The Bridge - Issue 3, 2019 - 14

Special Section: Graduate Education

Graduate Student Profiles

Vibhor Nigam

Yohan
Seepersad

Lambda
Senior Data Scientist,
Comcast, Philadelphia

Beta Alpha
Senior Product Engineer,
Lam Research

Education

Education

* Kalinga Institute of Industrial Technology
(KIIT), Bhubaneswar, India (B.Sc)
* University of Pennsylvania (MSE, Robotics)

* University of West Indies, St. Augustine Campus (B.Sc,
Electrical Electronics & Communication Engineering)
* Drexel University, USA (PhD, Electrical Engineering)

Why did you go to graduate school?

Why did you go to graduate school?

I was always interested in robotics and wanted to learn
more about the fundamentals of how robots work.
During my undergraduate studies, I was participating in
various robotics competitions, which further piqued my
interest. The University of Pennsylvania has one of the
best robotics programs in the world. Thus, when I got
the admission there were no second thoughts.

I love science; it seemed like the natural course to
follow for someone who enjoys studying and learning
about new things.

Did you begin your graduate studies immediately
after graduating with a bachelor's degree?
No, I worked for two years in industry as a systems
engineer, which kind of gave me a good perspective of
what corporate life is like.
How did you fund your graduate study?
Through educational loans and part-time jobs.
What advice do you have for students considering or
beginning graduate study?

Did you begin your graduate studies immediately
after graduating with a bachelor's degree?
Yes, I graduated from the University of the West Indies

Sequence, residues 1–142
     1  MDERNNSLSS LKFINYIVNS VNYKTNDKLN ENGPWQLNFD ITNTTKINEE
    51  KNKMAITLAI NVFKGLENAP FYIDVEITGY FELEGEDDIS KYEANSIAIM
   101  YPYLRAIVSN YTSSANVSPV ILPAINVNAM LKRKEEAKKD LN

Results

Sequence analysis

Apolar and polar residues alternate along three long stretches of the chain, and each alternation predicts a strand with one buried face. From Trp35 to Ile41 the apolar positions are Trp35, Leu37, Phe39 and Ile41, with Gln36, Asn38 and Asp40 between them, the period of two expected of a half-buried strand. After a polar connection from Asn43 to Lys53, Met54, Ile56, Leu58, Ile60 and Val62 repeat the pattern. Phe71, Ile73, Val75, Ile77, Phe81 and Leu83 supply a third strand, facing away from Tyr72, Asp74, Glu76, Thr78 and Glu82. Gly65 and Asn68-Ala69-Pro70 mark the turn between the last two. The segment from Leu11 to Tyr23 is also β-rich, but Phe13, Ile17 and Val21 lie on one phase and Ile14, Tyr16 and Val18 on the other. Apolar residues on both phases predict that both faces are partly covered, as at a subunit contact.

in June of 2010 and started graduate school in the fall
of 2010.
How did you fund your graduate study?
I was a teaching assistant for all five years of the PhD,
an experience I would not trade for anything. Between
that and a few research assistantships, I was able to
have my degree fully funded.
What advice do you have for students considering or
beginning graduate study?

Have a proper plan to chart out the entirety of your
master's study. Two years is not enough time to explore
and figure it out. Also build networks with your fellow
graduate students.

Do not rush into an area or project early on. Take
enough time to find a project and an advisor that fit well
with your interests, even if they are not well-defined at
the time. It will make the research enjoyable and your
graduate student years unforgettable.

In hindsight, what do you wish you had done
differently during graduate school?

In hindsight, what do you wish you had done
differently during graduate school?

I went for a major switch from mechanical engineering
to the machine learning/AI side in robotics, which
requires knowledge of the fundamentals of computer
science. In hindsight, it would have been better to take
some time to carefully plan my coursework and build
up fundamentals.

Taken more classes outside of my department, even
if they were audits for no credit.

THE BRIDGE

Katelyn Brinker

Gamma Theta
IEEE-HKN Student Governor
(B.S. EE & B.S. CpE 2017, M.S. EE 2019)
IEEE-HKN Outstanding Student
Award Recipient
Katelyn Brinker is a PhD student in electrical engineering at
Iowa State University supported by a NASA Space Technology
Research Fellowship. She graduated from the Missouri
University of Science and Technology with bachelor's degrees
in electrical engineering and computer engineering in May of
2017 and with a master's degree in electrical engineering in
July of 2019. She was inducted into the HKN Gamma Theta
Chapter in spring of 2016 and has since served as Bridge
Correspondent, Coordinating Secretary, and President of her
chapter. Currently, she is serving as a Student Governor to the
HKN Board of Governors.

My path to graduate school:
As an undergraduate, I was often told that I should consider
going to graduate school and I often felt unsure that getting
a graduate education would be the right next step for me.